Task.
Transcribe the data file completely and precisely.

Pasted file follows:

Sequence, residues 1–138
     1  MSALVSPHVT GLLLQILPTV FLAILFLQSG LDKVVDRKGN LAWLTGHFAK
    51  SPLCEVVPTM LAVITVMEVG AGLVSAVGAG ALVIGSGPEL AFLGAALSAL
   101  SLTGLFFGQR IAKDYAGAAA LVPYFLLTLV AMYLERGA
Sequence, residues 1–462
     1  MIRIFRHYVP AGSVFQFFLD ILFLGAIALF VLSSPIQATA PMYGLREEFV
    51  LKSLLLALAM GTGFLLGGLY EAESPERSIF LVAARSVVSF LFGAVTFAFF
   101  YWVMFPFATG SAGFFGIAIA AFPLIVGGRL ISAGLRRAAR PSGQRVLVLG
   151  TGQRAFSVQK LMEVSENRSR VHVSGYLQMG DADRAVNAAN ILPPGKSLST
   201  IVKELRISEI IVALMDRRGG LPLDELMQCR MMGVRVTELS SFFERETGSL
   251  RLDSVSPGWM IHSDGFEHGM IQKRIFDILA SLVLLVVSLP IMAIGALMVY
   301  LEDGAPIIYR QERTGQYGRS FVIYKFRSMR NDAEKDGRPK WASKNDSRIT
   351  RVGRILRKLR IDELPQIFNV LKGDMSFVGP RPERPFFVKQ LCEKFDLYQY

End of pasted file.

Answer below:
Sequence, residues 1–138
     1  MSALVSPHVT GLLLQILPTV FLAILFLQSG LDKVVDRKGN LAWLTGHFAK
    51  SPLCEVVPTM LAVITVMEVG AGLVSAVGAG ALVIGSGPEL AFLGAALSAL
   101  SLTGLFFGQR IAKDYAGAAA LVPYFLLTLV AMYLERGA
Sequence, residues 1–462
     1  MIRIFRHYVP AGSVFQFFLD ILFLGAIALF VLSSPIQATA PMYGLREEFV
    51  LKSLLLALAM GTGFLLGGLY EAESPERSIF LVAARSVVSF LFGAVTFAFF
   101  YWVMFPFATG SAGFFGIAIA AFPLIVGGRL ISAGLRRAAR PSGQRVLVLG
   151  TGQRAFSVQK LMEVSENRSR VHVSGYLQMG DADRAVNAAN ILPPGKSLST
   201  IVKELRISEI IVALMDRRGG LPLDELMQCR MMGVRVTELS SFFERETGSL
   251  RLDSVSPGWM IHSDGFEHGM IQKRIFDILA SLVLLVVSLP IMAIGALMVY
   301  LEDGAPIIYR QERTGQYGRS FVIYKFRSMR NDAEKDGRPK WASKNDSRIT
   351  RVGRILRKLR IDELPQIFNV LKGDMSFVGP RPERPFFVKQ LCEKFDLYQY